Yeah but what about using the DVD Player on those plane rides? My iBook has both a DVD player and the battery life to handle watching a full-length movie.

I just think my iBook is a better value. It's light, yet cheap. Sure, those ultralites are 1 or 2 pounds lighter, but also cost hundred$ more. The closest to the iBook I've seen are Sony Vaio and IBM Thinkpad models that are both about 4 lbs. and have built-in optical drives. Of course, they cost about $2K. Also, the Fujitsu P2000 is an interesting competitor, offering a Transmeta Crusoe based computer that is only about 3 lbs with 10.6" widescreen and built-in optical drive for only $1499.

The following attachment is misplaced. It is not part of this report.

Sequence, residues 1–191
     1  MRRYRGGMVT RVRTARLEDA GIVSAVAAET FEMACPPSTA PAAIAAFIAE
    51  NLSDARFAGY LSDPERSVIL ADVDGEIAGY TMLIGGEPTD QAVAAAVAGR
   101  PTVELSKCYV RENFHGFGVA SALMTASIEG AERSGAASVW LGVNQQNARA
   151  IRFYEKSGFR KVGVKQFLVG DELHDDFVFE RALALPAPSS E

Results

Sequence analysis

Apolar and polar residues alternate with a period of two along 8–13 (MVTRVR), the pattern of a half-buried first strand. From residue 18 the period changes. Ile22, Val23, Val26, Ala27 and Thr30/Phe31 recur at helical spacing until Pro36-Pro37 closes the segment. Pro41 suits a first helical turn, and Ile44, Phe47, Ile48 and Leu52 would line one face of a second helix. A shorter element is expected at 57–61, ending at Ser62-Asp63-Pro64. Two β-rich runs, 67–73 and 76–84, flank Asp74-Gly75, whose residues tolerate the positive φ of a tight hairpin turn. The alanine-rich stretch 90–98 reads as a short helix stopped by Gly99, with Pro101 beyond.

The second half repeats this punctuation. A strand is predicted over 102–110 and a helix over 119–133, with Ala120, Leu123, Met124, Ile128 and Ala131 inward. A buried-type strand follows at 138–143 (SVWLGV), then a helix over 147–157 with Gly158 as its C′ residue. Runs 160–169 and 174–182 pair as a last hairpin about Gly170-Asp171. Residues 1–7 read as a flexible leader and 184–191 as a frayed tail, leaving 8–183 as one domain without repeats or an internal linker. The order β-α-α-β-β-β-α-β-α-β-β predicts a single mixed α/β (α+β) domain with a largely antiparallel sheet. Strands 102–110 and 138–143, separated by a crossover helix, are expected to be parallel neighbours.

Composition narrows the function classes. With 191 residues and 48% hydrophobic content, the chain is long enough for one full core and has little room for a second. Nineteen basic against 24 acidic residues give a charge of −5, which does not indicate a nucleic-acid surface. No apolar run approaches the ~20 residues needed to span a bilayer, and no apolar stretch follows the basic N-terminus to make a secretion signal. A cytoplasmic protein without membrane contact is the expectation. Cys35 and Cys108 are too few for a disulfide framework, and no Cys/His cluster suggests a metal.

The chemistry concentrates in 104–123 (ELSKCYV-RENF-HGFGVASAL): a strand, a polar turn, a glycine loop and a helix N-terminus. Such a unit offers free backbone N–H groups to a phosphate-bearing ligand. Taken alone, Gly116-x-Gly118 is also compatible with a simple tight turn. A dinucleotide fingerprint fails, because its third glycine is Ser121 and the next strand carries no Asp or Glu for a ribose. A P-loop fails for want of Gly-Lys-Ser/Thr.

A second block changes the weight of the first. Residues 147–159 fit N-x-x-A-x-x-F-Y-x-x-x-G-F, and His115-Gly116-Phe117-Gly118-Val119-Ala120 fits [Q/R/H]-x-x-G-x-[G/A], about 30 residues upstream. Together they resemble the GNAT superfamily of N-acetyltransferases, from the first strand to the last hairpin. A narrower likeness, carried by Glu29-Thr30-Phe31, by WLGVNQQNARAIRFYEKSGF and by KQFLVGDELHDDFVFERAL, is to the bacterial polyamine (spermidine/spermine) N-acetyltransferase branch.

ewinemiller
May 19, 2003, 12:51 PM
Originally posted by lmalave
Yeah but what about using the DVD Player on those plane rides? My iBook has both a DVD player and the battery life to handle watching a full-length movie.

And that fits your need. The thread started out knocking the Dell as an inferior competitor to the iBook, but it's not trying to compete or copy the iBook, it's after a different market. I don't watch the DVDs on the plane, not because I don't have the battery life, but because I'd rather get some coding done, do a little 3D, read a book, take a nap, etc. I'd love to have something very light, small, and fast with a great battery life. I had been looking at some of the Sony Vaios, but would prefer the dell.

It's like comparing a civic to a mustang (no judgements implied about which is which), because they both have the same 6 disc changer. 6 disc changers are everywhere, that doesn't mean one is copying the other. They are different animals targeting different markets.